Inscribe a pentagon in a unit circle:
Now AB × AC × AD × AE = 5.
Pleasingly, this works with any regular n-gon: A hexagon yields 6, a heptagon 7, and so on. I think it was first noted by John Bull.
Take a whole stick and cut it in half. Half a minute later, cut each half in half. A quarter of a minute after that, cut each quarter in half, and so on ad infinitum.
What will remain at the end of a minute? An infinite number of infinitely thin pieces? Writes Oxford philosopher A.W. Moore, “Do we so much as understand this?”
Does each piece have any width? If so, couldn’t we reassemble them to form an infinitely long stick? If not, how can we assemble them to form anything at all?
Caltech number theorist Tom Apostol devised this elegant proof of the irrationality of the square root of 2.
Suppose the number is rational. Then there must be an isosceles right triangle with minimum integer sides (here, triangle ABC with sides n and hypotenuse m).
By drawing two arcs as shown, we can immediately establish triangle FDC — a smaller isosceles right triangle with integer sides.
This leads to an infinite descent. Hence n and m can’t both be integers, and the square root of 2 is irrational.
You’re presented with the four cards above. Each has a number on one side and a color on the other. Which card(s) must be turned over to test the idea that if a card shows an even number on one face, then its opposite face is red?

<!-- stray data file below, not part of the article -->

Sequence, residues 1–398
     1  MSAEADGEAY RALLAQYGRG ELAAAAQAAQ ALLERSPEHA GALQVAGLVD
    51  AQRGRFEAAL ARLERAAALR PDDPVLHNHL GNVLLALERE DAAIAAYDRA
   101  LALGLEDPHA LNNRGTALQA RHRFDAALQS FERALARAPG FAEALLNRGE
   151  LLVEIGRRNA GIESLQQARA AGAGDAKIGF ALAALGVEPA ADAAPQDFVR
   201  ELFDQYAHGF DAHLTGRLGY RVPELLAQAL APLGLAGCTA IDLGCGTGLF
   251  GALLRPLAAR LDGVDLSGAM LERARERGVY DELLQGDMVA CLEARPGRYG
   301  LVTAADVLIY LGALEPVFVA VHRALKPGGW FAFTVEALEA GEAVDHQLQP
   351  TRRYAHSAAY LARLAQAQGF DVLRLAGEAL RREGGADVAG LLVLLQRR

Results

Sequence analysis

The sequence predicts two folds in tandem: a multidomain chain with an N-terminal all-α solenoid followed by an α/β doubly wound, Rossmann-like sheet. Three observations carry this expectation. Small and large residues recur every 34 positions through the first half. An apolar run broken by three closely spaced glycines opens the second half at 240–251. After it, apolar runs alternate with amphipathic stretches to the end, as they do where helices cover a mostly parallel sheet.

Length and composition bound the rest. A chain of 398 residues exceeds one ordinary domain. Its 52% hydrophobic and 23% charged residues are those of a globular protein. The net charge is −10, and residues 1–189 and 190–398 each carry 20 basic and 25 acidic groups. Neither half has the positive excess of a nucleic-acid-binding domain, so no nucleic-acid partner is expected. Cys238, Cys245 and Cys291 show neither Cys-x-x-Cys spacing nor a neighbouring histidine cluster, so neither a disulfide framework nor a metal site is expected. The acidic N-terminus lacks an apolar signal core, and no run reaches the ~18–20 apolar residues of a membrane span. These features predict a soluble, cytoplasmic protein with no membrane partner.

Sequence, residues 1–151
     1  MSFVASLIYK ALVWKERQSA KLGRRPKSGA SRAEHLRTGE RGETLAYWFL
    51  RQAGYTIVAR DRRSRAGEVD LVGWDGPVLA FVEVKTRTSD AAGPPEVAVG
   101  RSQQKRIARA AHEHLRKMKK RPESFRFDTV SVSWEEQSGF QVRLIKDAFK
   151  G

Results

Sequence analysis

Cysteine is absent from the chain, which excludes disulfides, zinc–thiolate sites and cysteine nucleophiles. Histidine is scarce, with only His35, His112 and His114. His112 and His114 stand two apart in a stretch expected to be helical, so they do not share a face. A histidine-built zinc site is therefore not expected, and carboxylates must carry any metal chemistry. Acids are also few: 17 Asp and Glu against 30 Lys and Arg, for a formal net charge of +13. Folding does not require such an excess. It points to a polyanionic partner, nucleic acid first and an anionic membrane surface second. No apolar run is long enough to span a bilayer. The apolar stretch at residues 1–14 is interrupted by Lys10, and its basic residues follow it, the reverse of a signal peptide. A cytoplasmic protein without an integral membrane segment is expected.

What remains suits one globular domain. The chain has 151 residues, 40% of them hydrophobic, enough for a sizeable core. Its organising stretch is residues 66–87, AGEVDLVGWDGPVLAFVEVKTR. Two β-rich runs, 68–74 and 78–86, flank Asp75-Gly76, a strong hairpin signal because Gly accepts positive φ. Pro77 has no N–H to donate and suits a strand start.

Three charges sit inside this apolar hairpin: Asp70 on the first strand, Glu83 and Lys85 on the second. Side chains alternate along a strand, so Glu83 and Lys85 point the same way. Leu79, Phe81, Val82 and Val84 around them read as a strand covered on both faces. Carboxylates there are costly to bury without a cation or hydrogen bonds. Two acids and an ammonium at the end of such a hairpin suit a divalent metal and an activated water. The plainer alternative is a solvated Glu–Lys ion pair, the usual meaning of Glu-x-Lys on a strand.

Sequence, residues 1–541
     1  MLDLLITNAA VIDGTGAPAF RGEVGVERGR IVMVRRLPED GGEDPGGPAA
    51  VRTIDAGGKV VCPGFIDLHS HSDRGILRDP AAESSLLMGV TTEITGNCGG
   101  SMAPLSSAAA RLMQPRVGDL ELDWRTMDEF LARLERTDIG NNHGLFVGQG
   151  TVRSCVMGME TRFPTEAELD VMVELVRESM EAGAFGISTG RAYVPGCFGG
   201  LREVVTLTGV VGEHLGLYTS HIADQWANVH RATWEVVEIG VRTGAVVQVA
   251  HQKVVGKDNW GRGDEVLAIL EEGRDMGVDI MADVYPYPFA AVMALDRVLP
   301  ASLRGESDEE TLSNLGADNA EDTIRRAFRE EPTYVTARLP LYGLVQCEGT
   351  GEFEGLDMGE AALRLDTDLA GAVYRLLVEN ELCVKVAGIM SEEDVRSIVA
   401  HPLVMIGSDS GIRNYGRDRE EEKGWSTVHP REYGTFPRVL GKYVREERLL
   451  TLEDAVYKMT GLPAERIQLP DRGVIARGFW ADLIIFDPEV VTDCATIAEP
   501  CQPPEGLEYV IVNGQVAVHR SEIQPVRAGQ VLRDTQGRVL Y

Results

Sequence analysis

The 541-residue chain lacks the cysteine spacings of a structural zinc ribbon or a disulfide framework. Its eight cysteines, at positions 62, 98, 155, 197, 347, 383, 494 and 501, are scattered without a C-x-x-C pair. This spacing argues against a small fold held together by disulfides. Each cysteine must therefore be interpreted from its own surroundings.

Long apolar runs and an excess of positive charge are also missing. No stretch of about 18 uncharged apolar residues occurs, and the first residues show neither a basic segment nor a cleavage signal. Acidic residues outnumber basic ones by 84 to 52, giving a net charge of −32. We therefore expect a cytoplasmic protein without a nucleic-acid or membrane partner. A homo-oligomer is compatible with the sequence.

In a 1966 study by Peter Wason, fewer than 10 percent of respondents correctly indicated the 8 and brown cards.
Interestingly, respondents perform significantly better when they’re presented with the same task in the context of policing a social rule (e.g., the rule is “If you are drinking alcohol then you must be over 21″ and the cards are marked “27,” “16,” “drinking Coke,” “drinking beer”). About 90 percent of people perform this task correctly — supporting the idea that our facility for such tasks evolved to catch cheaters in a social environment.
123456789 = ((86 + 2 × 7)5 – 91) / 34
987654321 = (8 × (97 + 6/2)5 + 1) / 34
14459929 = 17 + 47 + 47 + 57 + 97 + 97 + 27 + 97
595968 = 45 + 49 + 45 + 49 + 46 + 48
397612 = 32 + 91 + 76 + 67 + 19 + 23
36428594490313158783584452532870892261556 = 342 + 642 + 442 + 242 + 842 + 542 + 942 + 442 + 442 + 942 + 042 + 342 + 142 + 342 + 142 + 542 + 842 + 742 + 842 + 342 + 542 + 842 + 442 + 442 + 542 + 242 + 542 + 342 + 242 + 842 + 742 + 042 + 842 + 942 + 242 + 242 + 642 + 142 + 542 + 542 + 642